World oil prices tumbled once more Thursday, nearing a 13-year low in New York, with no end in sight to the global supply glut.
US benchmark West Texas Intermediate for delivery in March hit $26.32 a barrel, close to a 13-year low of under $26.
Around 1200 GMT, the contract stood at $26.38 a barrel, down $1.07 compared with Wednesday's close.
Brent North Sea crude for April shed 67 cents to $30.17 a barrel.
"This irrefutable damage caused by the excessive oversupply in the saturated markets may have nullified any bullish reports concerning a decline in stockpiles," said Lukman Otunuga, research analyst at trading group FXTM.
Oil prices had rallied briefly Wednesday after a US Department of Energy report showed US oil stocks fell about 800,000 barrels for the week ending February 5.
But they soon dropped back as traders took note of higher supplies of gasoline, a rise in stocks at the key Cushing, Oklahoma trading hub and a scant drop in oil production.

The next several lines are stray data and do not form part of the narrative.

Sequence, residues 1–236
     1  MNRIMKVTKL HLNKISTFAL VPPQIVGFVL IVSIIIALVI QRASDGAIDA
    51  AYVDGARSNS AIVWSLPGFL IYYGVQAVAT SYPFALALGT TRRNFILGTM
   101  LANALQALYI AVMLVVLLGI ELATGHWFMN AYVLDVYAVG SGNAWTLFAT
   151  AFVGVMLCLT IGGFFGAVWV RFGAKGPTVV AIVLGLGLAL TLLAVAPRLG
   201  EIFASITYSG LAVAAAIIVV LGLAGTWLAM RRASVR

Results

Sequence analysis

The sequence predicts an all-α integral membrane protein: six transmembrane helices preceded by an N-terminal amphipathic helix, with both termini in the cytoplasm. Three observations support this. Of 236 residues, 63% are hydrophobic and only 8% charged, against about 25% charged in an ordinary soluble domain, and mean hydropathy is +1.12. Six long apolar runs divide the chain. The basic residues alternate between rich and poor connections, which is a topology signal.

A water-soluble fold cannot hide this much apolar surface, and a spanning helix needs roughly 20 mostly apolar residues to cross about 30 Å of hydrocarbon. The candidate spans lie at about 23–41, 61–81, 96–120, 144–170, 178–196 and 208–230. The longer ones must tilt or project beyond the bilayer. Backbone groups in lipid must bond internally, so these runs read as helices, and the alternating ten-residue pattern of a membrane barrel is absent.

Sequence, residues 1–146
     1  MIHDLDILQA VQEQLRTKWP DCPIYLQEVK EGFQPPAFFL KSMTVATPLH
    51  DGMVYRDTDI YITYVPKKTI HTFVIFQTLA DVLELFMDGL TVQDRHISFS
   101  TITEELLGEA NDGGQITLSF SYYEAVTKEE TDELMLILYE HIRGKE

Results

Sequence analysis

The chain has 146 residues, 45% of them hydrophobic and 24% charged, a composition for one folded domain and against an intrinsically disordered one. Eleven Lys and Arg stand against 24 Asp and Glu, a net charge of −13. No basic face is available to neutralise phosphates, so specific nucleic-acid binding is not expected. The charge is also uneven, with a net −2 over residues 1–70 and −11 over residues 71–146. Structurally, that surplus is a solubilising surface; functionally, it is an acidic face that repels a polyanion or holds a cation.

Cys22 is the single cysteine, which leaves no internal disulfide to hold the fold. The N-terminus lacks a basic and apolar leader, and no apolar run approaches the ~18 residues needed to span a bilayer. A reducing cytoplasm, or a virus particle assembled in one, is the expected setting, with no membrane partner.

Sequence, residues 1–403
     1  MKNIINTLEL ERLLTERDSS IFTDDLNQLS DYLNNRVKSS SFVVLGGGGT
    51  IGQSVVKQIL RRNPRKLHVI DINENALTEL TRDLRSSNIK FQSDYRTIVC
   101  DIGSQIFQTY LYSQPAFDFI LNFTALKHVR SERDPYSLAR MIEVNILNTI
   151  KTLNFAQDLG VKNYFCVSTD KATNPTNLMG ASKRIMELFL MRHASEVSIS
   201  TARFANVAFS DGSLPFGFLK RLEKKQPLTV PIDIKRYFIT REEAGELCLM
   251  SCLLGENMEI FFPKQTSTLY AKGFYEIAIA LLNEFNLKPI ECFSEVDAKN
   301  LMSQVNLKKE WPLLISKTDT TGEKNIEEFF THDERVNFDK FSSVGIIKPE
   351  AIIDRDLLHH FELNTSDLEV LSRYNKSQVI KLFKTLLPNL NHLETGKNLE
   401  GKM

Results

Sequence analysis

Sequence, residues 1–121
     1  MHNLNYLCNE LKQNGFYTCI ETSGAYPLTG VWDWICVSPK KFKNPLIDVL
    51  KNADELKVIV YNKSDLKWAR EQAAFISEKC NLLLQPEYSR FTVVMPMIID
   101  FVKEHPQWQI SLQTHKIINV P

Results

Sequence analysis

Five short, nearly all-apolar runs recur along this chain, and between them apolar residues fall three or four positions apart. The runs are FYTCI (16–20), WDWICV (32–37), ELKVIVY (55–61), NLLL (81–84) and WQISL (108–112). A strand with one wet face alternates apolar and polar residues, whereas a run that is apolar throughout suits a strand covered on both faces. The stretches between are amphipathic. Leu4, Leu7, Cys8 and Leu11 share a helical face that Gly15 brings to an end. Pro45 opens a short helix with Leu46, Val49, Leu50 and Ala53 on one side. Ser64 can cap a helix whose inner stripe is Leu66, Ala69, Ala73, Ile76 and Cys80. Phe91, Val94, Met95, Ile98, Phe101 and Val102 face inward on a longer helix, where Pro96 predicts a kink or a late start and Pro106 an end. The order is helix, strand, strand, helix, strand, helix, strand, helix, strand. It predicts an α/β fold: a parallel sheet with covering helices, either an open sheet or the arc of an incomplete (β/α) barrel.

"Swollen crude inventories in the US are putting increased downward pressure on the price of WTI, increasing its differential to the international benchmark Brent," BMI Research said in a note to clients.
Analysts said sentiment was marred also by a report this week from the Organization of the Petroleum Exporting Countries that showed the cartel's production rose by about 130,000 barrels a day in January.
The Opec report followed a bearish outlook released by the International Energy Agency, which predicted the global oil surplus would be larger than previously expected in the first half of this year.
"With the fundamentals of an unrelenting oversupply still in place and the conflict of interest between Opec members pumping record high levels... low oil prices may be here to stay for an extended period," added Otunuga.